Summer of ’69 by Elin Hilderbrand
Just east of Worcester, the greenish paisley clouds morph into the faces of Washington, Lincoln, and a couple of their pals.
Every sound SOUNDS LOUDER: The wind whistling in through Odysseus’s vent windows. The hum of tires on the Mass Pike. The Hammond organ of Procol Harum splashing through the speakers.
Next to me, Robin draws her knees up under her chin and hugs them. Strands of her long hair vine away in the breeze. Robin is Botticelli’s Venus on a passenger seat, only with dark-brown hair and eyes. She is Juliet to my Romeo, Olive Oyl to my Popeye, Lady to my Tramp, the lady I love.
Alas, my heart is as heavy as an anvil. Tomorrow she will depart for the Canadian wilderness, vanishing from my life for two full months. Dreading the thought of this summer without her, I reach over, take her slim hand in mine, and squeeze.
Don’t go north, my love. There’s still time to change your mind. Surely you must feel the same?
But with businesslike deftness, Robin guides my hand back to Odysseus’s steering wheel and says, “Are you sure you can drive, Lucas?”
The question does not come unexpectedly out of yonder filigreed blue. An hour ago, back in Cambridge, we were loitering beside a brick wall on which was scrawled “Make Love Not War” and “Bring the Troops Home.” A barefoot, glassy-eyed freak with Jesus hair and beard wandered by. After clocking Odysseus, Robin, and me, he dug into his pocket and produced a wrinkled baggie filled with tiny orange barrel-shaped tabs. He then uttered those most magical of inducements: “Free, man.”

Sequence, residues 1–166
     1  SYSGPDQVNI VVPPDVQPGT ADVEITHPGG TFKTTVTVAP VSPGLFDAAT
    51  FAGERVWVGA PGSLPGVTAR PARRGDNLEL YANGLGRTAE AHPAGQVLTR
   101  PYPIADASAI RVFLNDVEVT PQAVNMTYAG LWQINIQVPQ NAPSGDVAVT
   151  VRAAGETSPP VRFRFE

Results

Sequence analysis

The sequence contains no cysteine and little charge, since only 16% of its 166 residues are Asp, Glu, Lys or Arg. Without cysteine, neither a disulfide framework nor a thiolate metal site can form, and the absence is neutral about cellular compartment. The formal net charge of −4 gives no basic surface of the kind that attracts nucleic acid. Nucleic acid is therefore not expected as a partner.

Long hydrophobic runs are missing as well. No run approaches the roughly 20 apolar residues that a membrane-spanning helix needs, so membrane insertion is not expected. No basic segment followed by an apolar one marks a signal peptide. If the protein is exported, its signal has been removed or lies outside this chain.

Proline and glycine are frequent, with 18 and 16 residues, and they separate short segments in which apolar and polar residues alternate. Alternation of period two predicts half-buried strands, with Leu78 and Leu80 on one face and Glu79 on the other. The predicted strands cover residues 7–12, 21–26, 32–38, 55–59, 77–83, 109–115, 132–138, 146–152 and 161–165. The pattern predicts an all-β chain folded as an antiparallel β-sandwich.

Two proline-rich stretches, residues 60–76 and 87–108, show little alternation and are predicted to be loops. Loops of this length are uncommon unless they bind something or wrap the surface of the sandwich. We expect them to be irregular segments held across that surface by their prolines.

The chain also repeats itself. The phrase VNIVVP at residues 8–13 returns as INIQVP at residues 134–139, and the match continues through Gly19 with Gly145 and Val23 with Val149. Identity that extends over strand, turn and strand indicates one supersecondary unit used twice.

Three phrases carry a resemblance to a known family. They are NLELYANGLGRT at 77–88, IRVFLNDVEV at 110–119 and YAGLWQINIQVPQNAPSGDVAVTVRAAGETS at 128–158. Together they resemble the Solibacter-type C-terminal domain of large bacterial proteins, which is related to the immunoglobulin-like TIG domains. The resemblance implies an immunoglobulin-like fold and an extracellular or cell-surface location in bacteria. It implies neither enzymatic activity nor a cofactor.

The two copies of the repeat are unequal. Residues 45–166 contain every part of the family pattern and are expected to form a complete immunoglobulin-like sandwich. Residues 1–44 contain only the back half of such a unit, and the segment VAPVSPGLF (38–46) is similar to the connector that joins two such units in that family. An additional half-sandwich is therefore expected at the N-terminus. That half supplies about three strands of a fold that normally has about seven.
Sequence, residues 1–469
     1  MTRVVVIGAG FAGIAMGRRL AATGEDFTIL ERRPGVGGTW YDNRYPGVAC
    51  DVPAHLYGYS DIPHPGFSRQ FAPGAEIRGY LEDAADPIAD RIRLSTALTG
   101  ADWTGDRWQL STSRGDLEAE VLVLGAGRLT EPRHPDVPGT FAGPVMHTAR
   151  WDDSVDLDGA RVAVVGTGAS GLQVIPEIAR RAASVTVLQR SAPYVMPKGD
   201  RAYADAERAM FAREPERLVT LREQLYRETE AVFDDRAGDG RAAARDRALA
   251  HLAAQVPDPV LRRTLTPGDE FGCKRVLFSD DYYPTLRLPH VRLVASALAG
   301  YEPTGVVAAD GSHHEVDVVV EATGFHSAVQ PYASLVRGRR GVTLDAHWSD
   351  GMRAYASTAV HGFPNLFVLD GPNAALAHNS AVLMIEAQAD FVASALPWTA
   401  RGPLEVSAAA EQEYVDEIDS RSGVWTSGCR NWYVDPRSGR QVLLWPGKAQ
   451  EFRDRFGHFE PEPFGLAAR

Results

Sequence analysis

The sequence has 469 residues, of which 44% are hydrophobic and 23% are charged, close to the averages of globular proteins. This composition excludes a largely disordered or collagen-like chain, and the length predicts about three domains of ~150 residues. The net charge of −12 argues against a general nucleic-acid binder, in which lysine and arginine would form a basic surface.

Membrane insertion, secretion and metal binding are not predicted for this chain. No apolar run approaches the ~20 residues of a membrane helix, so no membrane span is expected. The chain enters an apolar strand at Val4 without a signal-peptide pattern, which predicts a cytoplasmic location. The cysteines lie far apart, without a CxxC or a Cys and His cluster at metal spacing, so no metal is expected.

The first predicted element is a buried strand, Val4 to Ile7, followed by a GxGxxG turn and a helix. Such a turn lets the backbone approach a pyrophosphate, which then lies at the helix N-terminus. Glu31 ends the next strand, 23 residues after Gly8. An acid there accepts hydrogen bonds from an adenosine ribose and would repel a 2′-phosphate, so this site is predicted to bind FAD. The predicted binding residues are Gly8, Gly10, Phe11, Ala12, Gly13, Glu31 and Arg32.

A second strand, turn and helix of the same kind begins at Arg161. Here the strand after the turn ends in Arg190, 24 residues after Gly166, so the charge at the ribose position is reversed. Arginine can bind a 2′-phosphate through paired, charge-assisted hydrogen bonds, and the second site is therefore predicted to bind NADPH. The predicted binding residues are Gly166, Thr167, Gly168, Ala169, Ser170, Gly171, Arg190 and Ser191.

From the shape and color of the tabs I swiftly deduced that the offering was Orange Sunshine. Fabled West Coast acid, said to rival Owsley as the purest ever produced for mass consumption. Without a second thought, I plucked a barrel out of the baggie and swallowed.
Now, on the Mass Pike, as we poke along at Odysseus’s maximum velocity of fifty-eight mph, the industrial rhythm of the tires has a symphonic quality. In the cockpit, sonic tides ebb and flow — faint, louder, LOUD, less loud, faint. Out in the distance, the greenish cloud-faces of President Washington & Co. grin down from the heavens. Mount Rushmore, indeed!
In the meantime, I am tasked with reassuring my ladylove that even in my thoroughly dosed state I am capable of maintaining both altitude and a steady flight path. (I always meant to teach her to drive a stick, but like so many of my intentions, it was left unrealized.) “Have no fear, my daffodil, I am in complete control of the sit —” This would be the very moment a humongous eighteen-wheeler barrels past, intent on blowing us off the road. With a panicked gasp, Robin grabs my thigh and squeezes while I wrestle my boxy German tin can back into the lane.
The back of the 18-wheeler,
An elephant’s square gray rump,
Leaves us in
The New England dust.
Tock, tick. Robin hasn’t uttered a word in . . . five minutes? Ten? As Captain Lucas attempts to navigate his flimsy vessel homeward, stewed synapses sputter inside his skull, then spark with tiny twinkles of light. He imagines that if he’d taken the time to have a second thought back in Cambridge before dropping the Orange Sunshine, it might’ve gone something like this: It’s going to be a long enough drive home to Long Island without dramatically increasing the risk of taking an imaginary exit into the vast unknown.
Or into a ditch.
How long will the drive be? Hard to say. Acid time is spongy — not that Captain Lucas is complaining. The irreversibly toxic tick-tock from present to future is the enemy. In less than twenty-four hours, the love of his life decamps for the frozen tundra.